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Bulletin of Mathematical Biology

, Volume 74, Issue 9, pp 2125–2141 | Cite as

A Note on the Derivation of Epidemic Final Sizes

  • Joel C. MillerEmail author
Original Article

Abstract

Final size relations are known for many epidemic models. The derivations are often tedious and difficult, involving indirect methods to solve a system of integro-differential equations. Often when the details of the disease or population change, the final size relation does not. An alternate approach to deriving final sizes has been suggested. This approach directly considers the underlying stochastic process of the epidemic rather than the approximating deterministic equations and gives insight into why the relations hold. It has not been widely used. We suspect that this is because it appears to be less rigorous. In this article, we investigate this approach more fully and show that under very weak assumptions (which are satisfied in all conditions we are aware of for which final size relations exist) it can be made rigorous. In particular, the assumptions must hold whenever integro-differential equations exist, but they may also hold in cases without such equations. Thus, the use of integro-differential equations to find a final size relation is unnecessary and a simpler, more general method can be applied.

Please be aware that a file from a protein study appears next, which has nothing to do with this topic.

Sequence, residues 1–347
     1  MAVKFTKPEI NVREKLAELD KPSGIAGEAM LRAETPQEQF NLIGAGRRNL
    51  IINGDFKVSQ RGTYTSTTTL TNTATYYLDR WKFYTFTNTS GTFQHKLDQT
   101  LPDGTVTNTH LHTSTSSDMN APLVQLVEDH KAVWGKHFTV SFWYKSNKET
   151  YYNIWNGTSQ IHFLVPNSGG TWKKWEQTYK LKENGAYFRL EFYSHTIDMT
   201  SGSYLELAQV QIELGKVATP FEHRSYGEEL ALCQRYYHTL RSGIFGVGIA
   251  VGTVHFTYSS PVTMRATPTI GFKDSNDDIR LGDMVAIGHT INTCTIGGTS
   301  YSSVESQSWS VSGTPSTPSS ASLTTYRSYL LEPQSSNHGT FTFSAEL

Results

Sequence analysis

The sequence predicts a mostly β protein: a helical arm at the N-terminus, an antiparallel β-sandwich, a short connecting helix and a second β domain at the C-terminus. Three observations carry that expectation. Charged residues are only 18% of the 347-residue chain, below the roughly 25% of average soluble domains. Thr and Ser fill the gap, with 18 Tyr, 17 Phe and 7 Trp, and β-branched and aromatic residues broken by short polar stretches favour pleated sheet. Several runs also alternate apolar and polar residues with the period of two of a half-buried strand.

Keywords

Epidemics SIR Final size relation 

Notes

Acknowledgements

J.C.M. was supported by (1) the RAPIDD program of the Science and Technology Directorate, Department of Homeland Security and the Fogarty International Center, National Institutes of Health and (2) the Center for Communicable Disease Dynamics, Department of Epidemiology, Harvard School of Public Health under Award Number U54GM088558 from the National Institute Of General Medical Sciences. The content is solely the responsibility of the author and does not necessarily represent the official views of the National Institute Of General Medical Sciences or the National Institutes of Health.

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Copyright information

© Society for Mathematical Biology 2012

Authors and Affiliations

  1. 1.Depts of Mathematics and BiologyThe Pennsylvania State UniversityUniversity ParkUSA

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